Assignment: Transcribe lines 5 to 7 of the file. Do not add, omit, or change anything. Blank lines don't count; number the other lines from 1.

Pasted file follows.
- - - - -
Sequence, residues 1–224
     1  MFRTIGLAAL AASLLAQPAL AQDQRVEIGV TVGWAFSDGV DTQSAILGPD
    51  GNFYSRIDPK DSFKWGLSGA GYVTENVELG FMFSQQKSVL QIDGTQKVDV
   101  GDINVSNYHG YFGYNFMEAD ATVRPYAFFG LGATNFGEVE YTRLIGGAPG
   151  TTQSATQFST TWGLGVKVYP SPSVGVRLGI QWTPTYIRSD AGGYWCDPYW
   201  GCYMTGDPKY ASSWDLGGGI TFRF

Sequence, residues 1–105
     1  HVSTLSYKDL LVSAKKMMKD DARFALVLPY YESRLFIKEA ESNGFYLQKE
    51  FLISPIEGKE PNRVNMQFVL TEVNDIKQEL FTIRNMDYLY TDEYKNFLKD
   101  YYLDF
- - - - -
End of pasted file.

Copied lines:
   151  TTQSATQFST TWGLGVKVYP SPSVGVRLGI QWTPTYIRSD AGGYWCDPYW
   201  GCYMTGDPKY ASSWDLGGGI TFRF

Sequence, residues 1–105